1966 OLDS 442

Update your progress on your various car projects.

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Basement Paul
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Re: 1966 OLDS 442

Postby Basement Paul » Sat Nov 24, 2018 4:00 pm

I'm betting there's another 3/4"- 1" of drop by Spring. Put sand bags on the core support over the winter, it'll come down.

-BP

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GMJohnny
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Re: 1966 OLDS 442

Postby GMJohnny » Sun Nov 25, 2018 5:48 am

Basement Paul wrote:I'm betting there's another 3/4"- 1" of drop by Spring. Put sand bags on the core support over the winter, it'll come down.

-BP


I've been thinking of a way to sand bag it, but the motor is in. I agree that a bit of weight over the
winter would help.

GM

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GMJohnny
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Re: 1966 OLDS 442

Postby GMJohnny » Sun Jan 27, 2019 5:42 pm

Winter 442 update: I didn't mention that the height of center of the front wheel trim before
the spring change was 27 13/16". I measured the car today and it's sitting at 27 1/4". It's amazing
what a difference that drop makes for the look of the car ( at least in my head! ) I have rebuilt
the distributor with the Pertronix III package. It's basically like having an MSD without the box on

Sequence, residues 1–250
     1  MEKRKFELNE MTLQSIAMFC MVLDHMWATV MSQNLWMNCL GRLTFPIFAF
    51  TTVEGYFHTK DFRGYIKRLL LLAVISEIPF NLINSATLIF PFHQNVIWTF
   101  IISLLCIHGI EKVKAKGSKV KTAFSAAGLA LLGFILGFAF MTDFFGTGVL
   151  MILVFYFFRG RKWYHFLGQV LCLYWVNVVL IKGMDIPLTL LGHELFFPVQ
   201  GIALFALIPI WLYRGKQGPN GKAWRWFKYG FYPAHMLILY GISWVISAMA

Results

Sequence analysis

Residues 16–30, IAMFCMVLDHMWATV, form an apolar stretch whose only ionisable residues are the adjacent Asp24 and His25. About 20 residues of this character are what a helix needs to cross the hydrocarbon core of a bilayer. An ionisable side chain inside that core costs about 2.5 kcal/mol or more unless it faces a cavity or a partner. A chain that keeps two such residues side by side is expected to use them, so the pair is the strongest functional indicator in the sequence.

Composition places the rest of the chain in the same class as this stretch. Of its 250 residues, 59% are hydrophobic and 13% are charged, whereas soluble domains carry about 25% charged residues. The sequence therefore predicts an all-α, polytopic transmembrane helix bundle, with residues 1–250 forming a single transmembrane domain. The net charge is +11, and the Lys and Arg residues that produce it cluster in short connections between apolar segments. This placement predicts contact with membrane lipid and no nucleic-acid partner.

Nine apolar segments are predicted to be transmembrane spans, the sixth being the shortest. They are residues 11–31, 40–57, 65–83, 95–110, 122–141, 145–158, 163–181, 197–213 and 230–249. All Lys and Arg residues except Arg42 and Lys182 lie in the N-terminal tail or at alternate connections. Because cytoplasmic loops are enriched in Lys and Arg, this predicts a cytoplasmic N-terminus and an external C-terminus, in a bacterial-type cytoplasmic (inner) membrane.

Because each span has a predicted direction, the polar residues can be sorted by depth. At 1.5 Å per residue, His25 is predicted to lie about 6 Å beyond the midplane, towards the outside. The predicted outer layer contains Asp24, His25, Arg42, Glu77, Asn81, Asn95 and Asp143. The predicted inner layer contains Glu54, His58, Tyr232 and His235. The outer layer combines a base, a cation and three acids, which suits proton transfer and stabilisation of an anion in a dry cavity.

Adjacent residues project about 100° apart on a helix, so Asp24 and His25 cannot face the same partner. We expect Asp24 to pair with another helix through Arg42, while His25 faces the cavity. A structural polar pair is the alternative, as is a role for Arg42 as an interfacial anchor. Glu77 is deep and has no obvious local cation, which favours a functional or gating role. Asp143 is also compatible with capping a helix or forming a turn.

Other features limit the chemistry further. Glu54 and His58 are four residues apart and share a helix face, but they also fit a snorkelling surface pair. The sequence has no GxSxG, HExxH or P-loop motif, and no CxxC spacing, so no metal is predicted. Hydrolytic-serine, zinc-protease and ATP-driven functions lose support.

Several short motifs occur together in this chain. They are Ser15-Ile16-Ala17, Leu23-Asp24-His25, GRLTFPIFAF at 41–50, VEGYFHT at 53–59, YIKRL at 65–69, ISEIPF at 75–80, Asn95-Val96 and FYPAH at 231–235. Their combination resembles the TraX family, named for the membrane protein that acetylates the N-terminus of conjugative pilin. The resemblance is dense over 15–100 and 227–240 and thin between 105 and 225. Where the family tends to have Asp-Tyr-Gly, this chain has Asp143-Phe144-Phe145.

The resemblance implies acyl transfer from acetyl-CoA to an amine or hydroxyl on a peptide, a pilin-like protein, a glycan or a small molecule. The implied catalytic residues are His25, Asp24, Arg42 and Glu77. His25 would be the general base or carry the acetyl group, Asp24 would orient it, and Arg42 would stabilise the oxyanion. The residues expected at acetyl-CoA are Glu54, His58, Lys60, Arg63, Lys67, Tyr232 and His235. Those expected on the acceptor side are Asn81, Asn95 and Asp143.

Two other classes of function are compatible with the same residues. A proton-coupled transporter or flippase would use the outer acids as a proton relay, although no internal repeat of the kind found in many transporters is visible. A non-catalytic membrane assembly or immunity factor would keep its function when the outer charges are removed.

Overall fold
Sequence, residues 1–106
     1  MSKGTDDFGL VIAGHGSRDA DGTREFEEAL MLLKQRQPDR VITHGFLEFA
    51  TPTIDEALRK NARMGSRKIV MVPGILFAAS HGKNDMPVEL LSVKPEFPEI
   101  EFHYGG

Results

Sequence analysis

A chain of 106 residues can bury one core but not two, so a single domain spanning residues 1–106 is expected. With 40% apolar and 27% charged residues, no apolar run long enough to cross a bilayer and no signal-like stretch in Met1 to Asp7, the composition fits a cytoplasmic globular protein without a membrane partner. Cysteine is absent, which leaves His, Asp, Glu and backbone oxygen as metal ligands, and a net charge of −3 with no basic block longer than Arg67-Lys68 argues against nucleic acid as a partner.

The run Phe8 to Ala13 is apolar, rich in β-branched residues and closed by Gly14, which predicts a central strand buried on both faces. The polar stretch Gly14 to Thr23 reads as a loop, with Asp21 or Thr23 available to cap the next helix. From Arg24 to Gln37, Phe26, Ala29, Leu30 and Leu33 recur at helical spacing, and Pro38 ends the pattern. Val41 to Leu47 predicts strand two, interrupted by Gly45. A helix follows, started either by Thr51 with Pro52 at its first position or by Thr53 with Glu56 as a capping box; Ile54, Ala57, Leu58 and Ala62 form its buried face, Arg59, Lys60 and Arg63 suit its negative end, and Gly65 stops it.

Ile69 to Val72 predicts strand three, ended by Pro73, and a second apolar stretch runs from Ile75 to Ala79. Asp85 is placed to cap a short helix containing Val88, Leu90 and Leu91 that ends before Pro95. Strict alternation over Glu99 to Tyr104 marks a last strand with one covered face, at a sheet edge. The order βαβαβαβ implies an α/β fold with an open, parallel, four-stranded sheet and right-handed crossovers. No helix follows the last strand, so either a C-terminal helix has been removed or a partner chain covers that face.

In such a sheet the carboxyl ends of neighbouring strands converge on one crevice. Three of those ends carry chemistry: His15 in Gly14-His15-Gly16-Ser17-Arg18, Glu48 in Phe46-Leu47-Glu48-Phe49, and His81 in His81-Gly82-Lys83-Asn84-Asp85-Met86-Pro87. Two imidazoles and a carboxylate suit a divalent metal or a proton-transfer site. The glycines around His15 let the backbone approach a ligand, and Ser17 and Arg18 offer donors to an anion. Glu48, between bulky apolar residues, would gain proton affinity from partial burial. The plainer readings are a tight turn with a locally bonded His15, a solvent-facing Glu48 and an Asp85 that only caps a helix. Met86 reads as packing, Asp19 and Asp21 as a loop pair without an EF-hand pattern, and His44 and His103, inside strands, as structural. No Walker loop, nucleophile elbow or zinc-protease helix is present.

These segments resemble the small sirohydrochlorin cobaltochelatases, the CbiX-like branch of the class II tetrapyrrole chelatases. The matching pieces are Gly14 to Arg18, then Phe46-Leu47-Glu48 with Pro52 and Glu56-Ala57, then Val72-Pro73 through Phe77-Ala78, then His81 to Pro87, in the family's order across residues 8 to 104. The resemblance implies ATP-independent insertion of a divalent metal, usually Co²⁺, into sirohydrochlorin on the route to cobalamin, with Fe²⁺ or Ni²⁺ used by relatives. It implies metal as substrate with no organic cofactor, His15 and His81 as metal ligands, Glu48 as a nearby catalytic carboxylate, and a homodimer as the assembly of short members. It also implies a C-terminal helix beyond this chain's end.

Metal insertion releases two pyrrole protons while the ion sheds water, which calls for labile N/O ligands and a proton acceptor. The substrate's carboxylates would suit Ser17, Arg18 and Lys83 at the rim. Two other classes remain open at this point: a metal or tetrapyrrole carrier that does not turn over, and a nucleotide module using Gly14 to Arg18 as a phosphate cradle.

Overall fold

the wall. It does offer no more points, the stock look I'm after, AND a built in rev limiter. That project
was supposed to have been done before winter hit, but the directions said that the hot wire to the
coil needed to be changed from stock. (It took the project from "just slam the new distributor in" to
"I have to figure this out" and I ran out of good weather.) The wire to the coil is a resistance wire that
keeps the points from getting burned up. It needs to be replaced to the back of the fuse box. I did find
a GTO guy who stripped the wire back enough to find the "resistance'' section and removed it, keeping
him from going all of the way to the fuse box. We'll find out what the plan is in the spring. The car is a
real bear to start when it has been sitting for some time and when it's really cold. I don't want to change
the distributor without it being warm and having been started on the same day the distributor is swapped
to make the timing process easier. A warm engine with fuel in the carbs will help a bunch! It can wait until
it's warmer out. It's supposed to be in the single digits this week, and with a barn that has no insulation,
I'm not up to the uphill battle for no real gain.

442 radio.jpg
I purchased a dash piece to replace the current dash (this is the plastic piece that stretches from
far left to just to the right of the radio). A professionally refurbed version of this piece is about $1300.